View Full Version : Respirators

09-09-2017, 03:10 PM
Do any of the Gurus here have any idea about respirators and filter ratings?

I currently use a Protector Half Mask with a P2 filter when sanding - which is all good, no more sawdust snot.

Of late I have been doing a little bit of airbrushing, mostly artists acrylic and house paint acrylic (don't ask, it's a long anally retentive story).

While the P2 helps (no multi-coloured snot) I am not convinced it is the right filter and the doco I've found is either poorly written and confusing or contradictory.

Any ideas whether P2 is right or if I need one of the P2/A combinations?

Simon Barden
09-09-2017, 05:18 PM
For spraying you need what I'd call an organic vapour mask. This normally consists of a thin coarse filter, HEPA (high-efficiency particulate) filter and then a carbon filter. The HEPA filter is there to stop the carbon filter getting clogged up but does stop all paint droplets getting through, and the carbon absorbs the paint solvents.

You can get ones with replaceable cartridges or ones that get thrown away once they stop working. If you can smell the paint, it's either not seated well enough on your face or the filters have had it and need replacing/new mask time.

You can get full face masks for not much more money, which are a good idea if you end up spraying a lot, and more effective than most goggles, as you don't want spray in your eyes or face.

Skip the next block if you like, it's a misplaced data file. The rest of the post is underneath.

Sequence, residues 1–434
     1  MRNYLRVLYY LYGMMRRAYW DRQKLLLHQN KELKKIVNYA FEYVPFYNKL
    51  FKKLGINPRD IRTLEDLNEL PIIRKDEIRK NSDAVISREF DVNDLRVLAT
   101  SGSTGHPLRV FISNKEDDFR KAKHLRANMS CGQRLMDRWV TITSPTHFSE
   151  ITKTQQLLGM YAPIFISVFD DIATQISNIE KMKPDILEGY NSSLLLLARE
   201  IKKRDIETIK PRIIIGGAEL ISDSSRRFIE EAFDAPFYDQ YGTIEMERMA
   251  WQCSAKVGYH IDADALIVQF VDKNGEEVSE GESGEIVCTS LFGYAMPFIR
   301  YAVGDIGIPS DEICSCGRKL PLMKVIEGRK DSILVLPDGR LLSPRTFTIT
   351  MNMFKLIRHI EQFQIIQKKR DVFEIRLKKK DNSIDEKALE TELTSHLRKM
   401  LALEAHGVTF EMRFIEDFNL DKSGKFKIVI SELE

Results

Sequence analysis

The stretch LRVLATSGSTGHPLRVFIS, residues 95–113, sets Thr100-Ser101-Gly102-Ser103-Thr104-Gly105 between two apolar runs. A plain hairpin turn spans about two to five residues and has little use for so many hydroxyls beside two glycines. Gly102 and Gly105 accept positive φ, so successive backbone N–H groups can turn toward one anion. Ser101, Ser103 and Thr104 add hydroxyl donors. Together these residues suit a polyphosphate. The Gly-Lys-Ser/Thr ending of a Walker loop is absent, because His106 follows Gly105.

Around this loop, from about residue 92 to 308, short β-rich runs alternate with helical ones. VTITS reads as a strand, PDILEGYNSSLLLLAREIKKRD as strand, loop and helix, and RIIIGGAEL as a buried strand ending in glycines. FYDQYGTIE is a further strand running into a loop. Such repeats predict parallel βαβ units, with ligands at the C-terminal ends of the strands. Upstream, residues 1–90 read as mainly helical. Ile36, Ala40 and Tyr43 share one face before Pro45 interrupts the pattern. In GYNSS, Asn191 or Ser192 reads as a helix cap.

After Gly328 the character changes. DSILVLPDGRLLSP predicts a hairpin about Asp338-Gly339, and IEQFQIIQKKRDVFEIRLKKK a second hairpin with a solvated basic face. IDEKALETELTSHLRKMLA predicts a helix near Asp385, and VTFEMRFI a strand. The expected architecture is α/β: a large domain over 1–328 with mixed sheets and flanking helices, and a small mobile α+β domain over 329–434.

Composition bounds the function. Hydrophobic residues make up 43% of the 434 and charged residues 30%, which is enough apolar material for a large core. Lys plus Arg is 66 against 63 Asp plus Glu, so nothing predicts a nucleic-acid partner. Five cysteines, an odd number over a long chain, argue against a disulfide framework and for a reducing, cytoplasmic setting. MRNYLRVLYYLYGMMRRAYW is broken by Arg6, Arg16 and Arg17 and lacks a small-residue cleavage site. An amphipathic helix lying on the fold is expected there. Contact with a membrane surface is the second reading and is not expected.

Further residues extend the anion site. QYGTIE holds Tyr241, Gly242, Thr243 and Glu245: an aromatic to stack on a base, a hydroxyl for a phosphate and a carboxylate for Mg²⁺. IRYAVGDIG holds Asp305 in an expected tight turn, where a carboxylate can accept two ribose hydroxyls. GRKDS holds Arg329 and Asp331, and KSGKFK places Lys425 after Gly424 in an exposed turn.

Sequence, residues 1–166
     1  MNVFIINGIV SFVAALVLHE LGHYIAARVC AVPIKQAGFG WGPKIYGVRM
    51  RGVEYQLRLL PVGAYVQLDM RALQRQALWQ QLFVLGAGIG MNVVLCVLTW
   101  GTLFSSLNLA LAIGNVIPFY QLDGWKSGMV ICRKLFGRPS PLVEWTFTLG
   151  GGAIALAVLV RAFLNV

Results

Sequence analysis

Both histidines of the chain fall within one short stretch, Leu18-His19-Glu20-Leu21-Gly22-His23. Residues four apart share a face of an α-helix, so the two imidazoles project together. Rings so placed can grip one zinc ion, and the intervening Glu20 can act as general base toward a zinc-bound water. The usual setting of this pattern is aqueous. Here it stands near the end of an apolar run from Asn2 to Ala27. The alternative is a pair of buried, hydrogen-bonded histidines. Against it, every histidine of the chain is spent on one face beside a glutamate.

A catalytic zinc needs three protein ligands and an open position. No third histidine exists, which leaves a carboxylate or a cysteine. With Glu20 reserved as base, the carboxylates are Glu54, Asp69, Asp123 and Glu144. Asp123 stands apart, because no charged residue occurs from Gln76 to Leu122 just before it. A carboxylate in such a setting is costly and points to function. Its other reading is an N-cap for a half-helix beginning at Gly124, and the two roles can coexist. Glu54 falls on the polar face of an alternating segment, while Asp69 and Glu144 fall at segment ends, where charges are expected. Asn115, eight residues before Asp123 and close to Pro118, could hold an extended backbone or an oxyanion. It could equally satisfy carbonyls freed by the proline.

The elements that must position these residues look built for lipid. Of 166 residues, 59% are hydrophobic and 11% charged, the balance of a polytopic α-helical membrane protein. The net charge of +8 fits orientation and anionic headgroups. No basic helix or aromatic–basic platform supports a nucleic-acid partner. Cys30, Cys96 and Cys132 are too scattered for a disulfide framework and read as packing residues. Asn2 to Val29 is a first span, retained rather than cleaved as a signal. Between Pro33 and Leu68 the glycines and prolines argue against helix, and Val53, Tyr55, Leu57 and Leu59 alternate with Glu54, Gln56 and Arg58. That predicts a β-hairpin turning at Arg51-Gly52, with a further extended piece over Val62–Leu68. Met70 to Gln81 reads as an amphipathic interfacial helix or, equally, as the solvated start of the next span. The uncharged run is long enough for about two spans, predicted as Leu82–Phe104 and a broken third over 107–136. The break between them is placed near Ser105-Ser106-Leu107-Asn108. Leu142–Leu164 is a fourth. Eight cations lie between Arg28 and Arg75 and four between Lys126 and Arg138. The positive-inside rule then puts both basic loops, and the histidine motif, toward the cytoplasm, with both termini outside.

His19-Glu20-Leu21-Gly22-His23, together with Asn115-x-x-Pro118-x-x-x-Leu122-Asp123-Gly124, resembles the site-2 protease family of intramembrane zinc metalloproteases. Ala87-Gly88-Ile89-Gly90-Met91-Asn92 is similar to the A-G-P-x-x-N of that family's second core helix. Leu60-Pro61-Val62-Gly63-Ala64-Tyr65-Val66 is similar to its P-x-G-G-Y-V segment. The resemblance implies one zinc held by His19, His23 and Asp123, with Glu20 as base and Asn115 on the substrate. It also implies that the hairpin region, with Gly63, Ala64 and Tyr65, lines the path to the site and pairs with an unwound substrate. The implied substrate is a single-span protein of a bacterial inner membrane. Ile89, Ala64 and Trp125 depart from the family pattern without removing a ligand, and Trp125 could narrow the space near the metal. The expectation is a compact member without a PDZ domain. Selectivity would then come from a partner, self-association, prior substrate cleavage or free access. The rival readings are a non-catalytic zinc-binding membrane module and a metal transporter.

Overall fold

Something like the 3M 4251 is a basic disposable dust + organic vapour mask.

09-09-2017, 05:46 PM
Hi Simon,

And therein lies the problem. Some sources indicate that enamel paints require different filters to acrylic paints. Some say the P2 filters are the go for acrylics, others say P2/Ax.

The mask I use has replaceable cartridges, but which to get?

I understand the UK use FFP1 through FFP3 as the ratings, of course Oz has it's own way :)

Simon Barden
09-09-2017, 06:40 PM
Of course!

True water-based acrylics won't need a solvent absorber, just something to stop the droplets. Enamels are normally oil-based, so the solvent is organic and therefore should require more than a straightforward filter. The fact that you are atomising the paint makes it a lot more harmful than when just brushing it on.

But Phrozin is probably the best person that I know on here to give advice, though Sonic Mountain also seems to have done a lot of car spraying.

17-09-2017, 03:38 PM
So to round this off, I ended up getting Protector RC80AR filters.

These are a Class A-Aus/P2 and are suitable for spraying acrylic paints as well as dusts, mists, organic gases and vapours, fumes and odours.